The next major building of the quadrangle for which records are extant was the room for single women and widows, or monjerio, constructed in 1810 "double in the square." Prior to its construction the women were housed in a room of the convento (Arguello, September 11, 1798, in Smith, in Coy Collection CSL). The expression, "double in the square," suggests that it may have been built up against an existing building. At 12 varas (33 feet) long by 6 varas (16.5 feet) wide, it was one single room. A latrine or "lugar commun," 10 varas (27.5 feet) by 5 varas with a ladrillo tile floor was located next to it at an unknown date; perhaps the monjerio was built next to it, effectively doubling it? The size seems great for the purpose as bathing and laundry facilities were not mentioned as included.
The 1835 Inventory indicates that the monjerio had a tiled roof (added in 1815), ladrillo tile floor, board ceiling and two doors and a patio 50 varas square enclosed by a wall six varas high. Relative to this enclosed patio, a strong wall was reported built in 1810 at the same time as the monjerio; however, in 1816 a patio with a water ditch running through it for drinking and laundry was constructed (1810, 1816 Informe SBMA). The 1821 informe records "two walls 75 varas long, and 6 varas high, two adobes thick, were raised to make a corner for an ample patio for the unmarried women." This patio enclosure was larger than that reported later in 1835; it may have been diminished in size and the space put to other uses. It seems certain that this patio was located west of the quadrangle proper as several early photographs and the 1856 Miller sketch shows adobe enclosures and a water ditch or drainage running through from north to south, locating the monjerio and latrine along the west wing (Miller 1856 BL). As the convento and monjerio were the only known buildings extant in 1812 when tile-roofed corredores were built facing the interior of the quadrangle, it is likely that the monjerio had a corredor, or covered walkway, in that location.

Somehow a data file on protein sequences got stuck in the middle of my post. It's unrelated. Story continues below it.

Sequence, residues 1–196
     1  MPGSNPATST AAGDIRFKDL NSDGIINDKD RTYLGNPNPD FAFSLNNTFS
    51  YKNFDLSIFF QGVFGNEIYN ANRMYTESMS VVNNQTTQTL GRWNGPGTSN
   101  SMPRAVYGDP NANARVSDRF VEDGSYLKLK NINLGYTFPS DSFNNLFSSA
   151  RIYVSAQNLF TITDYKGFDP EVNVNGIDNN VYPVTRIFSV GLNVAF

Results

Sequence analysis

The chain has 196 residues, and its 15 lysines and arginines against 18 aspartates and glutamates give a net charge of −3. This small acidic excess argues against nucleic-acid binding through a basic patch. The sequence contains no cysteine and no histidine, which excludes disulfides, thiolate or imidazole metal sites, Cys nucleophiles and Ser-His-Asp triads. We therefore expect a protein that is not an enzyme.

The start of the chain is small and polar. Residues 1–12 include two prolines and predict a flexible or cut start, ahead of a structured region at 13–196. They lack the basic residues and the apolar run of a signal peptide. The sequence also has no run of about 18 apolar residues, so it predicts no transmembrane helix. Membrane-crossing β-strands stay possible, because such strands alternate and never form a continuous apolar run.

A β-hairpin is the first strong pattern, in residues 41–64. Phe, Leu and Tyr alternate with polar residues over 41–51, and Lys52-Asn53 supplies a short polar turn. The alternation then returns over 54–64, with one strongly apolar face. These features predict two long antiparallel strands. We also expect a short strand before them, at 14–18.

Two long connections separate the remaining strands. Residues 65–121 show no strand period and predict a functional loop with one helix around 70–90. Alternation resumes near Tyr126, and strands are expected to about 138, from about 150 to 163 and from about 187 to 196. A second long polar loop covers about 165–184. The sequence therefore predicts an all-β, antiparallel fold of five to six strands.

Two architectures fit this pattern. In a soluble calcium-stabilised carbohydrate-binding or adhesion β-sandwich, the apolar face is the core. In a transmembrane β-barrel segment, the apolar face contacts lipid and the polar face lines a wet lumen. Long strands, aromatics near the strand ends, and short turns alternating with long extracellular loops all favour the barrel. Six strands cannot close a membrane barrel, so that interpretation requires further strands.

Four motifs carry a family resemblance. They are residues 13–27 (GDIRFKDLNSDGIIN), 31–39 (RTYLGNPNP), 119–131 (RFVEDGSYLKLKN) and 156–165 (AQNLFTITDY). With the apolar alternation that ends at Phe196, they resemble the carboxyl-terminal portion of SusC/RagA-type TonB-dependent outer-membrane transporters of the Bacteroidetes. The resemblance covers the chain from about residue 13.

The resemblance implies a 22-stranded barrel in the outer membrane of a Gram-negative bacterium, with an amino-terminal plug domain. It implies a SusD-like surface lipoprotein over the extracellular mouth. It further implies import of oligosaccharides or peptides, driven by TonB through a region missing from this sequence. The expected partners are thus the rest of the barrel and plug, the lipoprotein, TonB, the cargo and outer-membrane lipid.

The dates for construction of the various mission workshops were not reported in the extant informes; either they were considered of lesser importance, or they were constructed during the period for which there are no or scanty reports. They were described in detail in the inventories of 1834 and 1835 and are generally known to have been located at the rear of the mission quadrangle along the north wall and possibly extending down some unknown distance into the northern portions of the monjerio wing on the west and the church-granary on the east.